We invite proposals for 15-20 minute papers, which should be sent in the body of an email to by  Friday 15 March 2024. Abstracts should be a maximum of 250 words and accompanied by a short biographical note. Most presentations will be delivered in-person, but we are happy to consider pre-recorded video presentations of 15-18 minutes – please do contact the committee if you want to consider presenting in that way. Speakers do not have to be VPFA members.

A limited number of travel bursaries are available for PhD students, independent scholars and unwaged participants If you would like to be considered for one of the bursaries, please email the organising committee.

The fee for the study day in person is £10 waged, £5 unwaged. Register here:  

‘Silenced Voices and Erased Agencies in Victorian Life and Victorian Popular Fiction’

Online | 8-9 June 2024

Keynote speaker: Professor Alexandra Valint (University of Southern Mississippi)

There has been an important scholarly turn to studies in silence and erasure since at least the 1970s by those eager to uncover hidden, marginalised, and underrepresented voices of the past. UK Research and Innovation currently list Hidden Histories as an area of investment and support. Tillie Olsen’s Silences (1978) revolutionised the study of silence and agency in literature. Her book considers the circumstances that surround writers’ periods of silence, focussing on factors that particularly impact marginalised groups such as women, people of colour, and the working class. Her book makes a distinction between “natural” and “unnatural” silences, deeming the former as ‘that necessary time for renewal’ and the latter as the ‘unnatural thwarting of what struggles to come into being, but cannot’. These ‘unnatural’ silences are primarily caused by specific social circumstances that accompany being a marginalised individual e.g. for women, an obligation to family and home.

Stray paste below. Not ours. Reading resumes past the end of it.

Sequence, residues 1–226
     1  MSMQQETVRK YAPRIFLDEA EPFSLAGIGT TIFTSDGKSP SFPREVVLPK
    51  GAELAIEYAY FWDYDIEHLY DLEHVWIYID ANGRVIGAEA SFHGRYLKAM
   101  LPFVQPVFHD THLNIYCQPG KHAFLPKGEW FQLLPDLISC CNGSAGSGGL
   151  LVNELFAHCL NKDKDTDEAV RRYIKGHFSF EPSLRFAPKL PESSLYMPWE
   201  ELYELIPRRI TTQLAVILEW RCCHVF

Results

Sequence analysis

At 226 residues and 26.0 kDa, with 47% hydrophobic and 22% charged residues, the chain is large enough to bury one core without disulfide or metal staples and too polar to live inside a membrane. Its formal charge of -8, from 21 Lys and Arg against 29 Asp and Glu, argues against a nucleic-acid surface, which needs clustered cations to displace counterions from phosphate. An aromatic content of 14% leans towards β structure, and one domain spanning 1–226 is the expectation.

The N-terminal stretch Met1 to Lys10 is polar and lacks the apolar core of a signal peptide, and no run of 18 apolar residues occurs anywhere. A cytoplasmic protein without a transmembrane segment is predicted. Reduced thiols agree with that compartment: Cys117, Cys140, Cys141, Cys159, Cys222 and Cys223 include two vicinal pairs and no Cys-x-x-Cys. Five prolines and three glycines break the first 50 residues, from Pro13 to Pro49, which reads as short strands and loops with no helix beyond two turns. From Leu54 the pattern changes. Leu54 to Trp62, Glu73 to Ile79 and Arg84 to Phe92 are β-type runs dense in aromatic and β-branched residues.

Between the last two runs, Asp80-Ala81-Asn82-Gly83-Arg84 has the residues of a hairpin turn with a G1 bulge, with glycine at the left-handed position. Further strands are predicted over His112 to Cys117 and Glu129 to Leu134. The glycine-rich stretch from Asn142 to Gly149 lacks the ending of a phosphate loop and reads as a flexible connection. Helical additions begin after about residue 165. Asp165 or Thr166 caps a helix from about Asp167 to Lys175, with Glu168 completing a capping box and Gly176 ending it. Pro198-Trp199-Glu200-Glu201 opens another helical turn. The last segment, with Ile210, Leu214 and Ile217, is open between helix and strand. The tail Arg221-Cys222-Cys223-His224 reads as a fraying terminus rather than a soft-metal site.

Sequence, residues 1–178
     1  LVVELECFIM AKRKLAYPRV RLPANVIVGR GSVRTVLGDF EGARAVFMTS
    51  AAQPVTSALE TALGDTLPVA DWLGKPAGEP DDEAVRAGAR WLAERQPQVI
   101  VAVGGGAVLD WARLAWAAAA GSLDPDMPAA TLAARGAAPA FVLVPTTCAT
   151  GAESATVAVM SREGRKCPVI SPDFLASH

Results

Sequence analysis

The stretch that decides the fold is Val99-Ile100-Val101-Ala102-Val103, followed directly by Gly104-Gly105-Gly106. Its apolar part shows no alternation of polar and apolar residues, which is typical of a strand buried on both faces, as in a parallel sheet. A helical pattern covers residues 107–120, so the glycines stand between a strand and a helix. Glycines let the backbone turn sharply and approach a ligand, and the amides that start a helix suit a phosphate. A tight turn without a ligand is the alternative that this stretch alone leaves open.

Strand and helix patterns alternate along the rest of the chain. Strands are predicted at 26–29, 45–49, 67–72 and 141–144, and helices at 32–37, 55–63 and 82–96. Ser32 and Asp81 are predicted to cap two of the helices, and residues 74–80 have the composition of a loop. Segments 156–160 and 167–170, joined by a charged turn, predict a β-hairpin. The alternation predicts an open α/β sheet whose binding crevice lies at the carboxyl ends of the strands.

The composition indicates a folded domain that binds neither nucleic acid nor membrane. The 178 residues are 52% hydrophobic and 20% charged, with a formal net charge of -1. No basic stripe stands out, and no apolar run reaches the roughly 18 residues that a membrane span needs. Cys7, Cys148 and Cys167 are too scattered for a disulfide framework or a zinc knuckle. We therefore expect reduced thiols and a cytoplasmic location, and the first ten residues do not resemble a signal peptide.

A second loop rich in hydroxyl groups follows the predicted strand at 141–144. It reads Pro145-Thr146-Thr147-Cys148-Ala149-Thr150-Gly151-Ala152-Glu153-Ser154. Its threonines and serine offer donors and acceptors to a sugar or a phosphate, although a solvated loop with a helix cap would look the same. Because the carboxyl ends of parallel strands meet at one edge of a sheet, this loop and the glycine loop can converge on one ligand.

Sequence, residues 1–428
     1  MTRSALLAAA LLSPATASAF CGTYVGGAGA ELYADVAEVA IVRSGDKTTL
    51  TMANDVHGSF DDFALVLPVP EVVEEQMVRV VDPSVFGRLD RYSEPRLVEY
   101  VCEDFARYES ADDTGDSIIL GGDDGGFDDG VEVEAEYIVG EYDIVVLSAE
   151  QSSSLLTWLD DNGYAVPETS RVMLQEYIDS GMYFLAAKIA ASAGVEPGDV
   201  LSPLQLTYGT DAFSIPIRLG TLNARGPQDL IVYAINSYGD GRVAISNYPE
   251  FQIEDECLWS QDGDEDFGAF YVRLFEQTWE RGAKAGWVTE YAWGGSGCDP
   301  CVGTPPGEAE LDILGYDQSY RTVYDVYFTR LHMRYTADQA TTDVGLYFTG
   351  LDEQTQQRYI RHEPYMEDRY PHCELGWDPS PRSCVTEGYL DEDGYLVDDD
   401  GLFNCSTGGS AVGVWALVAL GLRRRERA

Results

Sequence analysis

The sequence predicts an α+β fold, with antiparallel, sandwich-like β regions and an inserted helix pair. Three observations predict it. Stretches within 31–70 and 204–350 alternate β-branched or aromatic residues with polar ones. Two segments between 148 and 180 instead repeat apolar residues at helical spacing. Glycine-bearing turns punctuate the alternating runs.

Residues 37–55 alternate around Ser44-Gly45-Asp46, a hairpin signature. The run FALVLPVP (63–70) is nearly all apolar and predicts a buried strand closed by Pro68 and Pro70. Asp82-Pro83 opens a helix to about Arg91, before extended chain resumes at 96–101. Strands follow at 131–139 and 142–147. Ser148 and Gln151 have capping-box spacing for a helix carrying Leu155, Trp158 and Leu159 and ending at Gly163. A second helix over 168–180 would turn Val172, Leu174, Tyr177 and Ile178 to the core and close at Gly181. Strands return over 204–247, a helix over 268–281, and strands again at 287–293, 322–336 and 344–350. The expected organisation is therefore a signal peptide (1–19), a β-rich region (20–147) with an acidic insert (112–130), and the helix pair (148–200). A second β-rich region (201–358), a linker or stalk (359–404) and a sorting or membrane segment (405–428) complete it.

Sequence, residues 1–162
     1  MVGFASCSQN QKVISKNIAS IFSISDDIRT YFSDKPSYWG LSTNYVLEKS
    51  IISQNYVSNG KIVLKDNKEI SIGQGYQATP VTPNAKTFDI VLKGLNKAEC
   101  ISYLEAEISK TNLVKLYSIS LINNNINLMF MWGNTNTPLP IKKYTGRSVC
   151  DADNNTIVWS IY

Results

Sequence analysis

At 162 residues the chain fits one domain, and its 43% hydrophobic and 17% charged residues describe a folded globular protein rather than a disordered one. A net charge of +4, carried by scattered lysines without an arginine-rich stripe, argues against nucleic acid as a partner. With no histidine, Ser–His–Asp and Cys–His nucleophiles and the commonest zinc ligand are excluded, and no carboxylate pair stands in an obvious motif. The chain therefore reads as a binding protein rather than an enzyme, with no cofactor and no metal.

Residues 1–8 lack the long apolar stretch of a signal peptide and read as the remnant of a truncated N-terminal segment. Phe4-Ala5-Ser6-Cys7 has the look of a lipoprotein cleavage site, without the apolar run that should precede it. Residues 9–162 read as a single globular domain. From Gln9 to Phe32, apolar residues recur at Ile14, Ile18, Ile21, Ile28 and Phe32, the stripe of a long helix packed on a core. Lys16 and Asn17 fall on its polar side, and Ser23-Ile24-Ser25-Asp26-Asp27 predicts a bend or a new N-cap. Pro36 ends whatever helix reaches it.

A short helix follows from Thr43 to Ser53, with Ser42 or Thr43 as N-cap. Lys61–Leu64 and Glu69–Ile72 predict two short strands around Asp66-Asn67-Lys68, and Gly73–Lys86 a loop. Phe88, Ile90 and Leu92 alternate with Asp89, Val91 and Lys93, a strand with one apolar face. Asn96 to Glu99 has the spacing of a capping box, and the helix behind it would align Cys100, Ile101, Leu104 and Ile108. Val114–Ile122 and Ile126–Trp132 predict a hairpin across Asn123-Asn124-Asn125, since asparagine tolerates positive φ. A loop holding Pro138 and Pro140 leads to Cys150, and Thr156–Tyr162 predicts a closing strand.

The Victorians were particularly concerned with matters of voice and agency. Throughout the nineteenth century, numerous reforms were introduced to grant more rights and autonomy to women, children, animals, and those considered insane. These concerns inevitably found their way into Victorian fiction. Drawing on numerous advancements in the understanding of the human mind and psychology as a discipline, as well as emerging social
and cultural anxieties regarding empire, the Victorians created new methods of representing marginalised groups, their voices and their silences. From literal refusals to speak, to blank spaces, to monstrous figures, these works of fiction ask us to consider methods of communication that were adopted when restrictions were placed on the

This study day wishes to contribute to the robust conversations regarding voice, silence, and agency that are very much relevant today. It is the hope of the hosts that participants will leave with a better understanding of the institutions and mechanisms that worked in tandem to regulate and control marginalised voices and agencies in the Victorian era. We
also hope to encourage participants to re-evaluate the idea of silence as strictly an absence, specifically an absence of agency.

This will be an online Study Day (spread over two days to allow for speakers from different time zones). Please direct any questions you might have to to Rebecca Hamilton (

Organising Committee: Rebecca Hamilton, Rosie Blacher, Ethan Evans, Hayley Smith

Follow us on Twitter/X @SilenceVPFA

View the call for papers in PDF form here

If you are interested in running a VPFA study day, please download the Study Day Proposal Form (Word), and email it to Helena Ifill at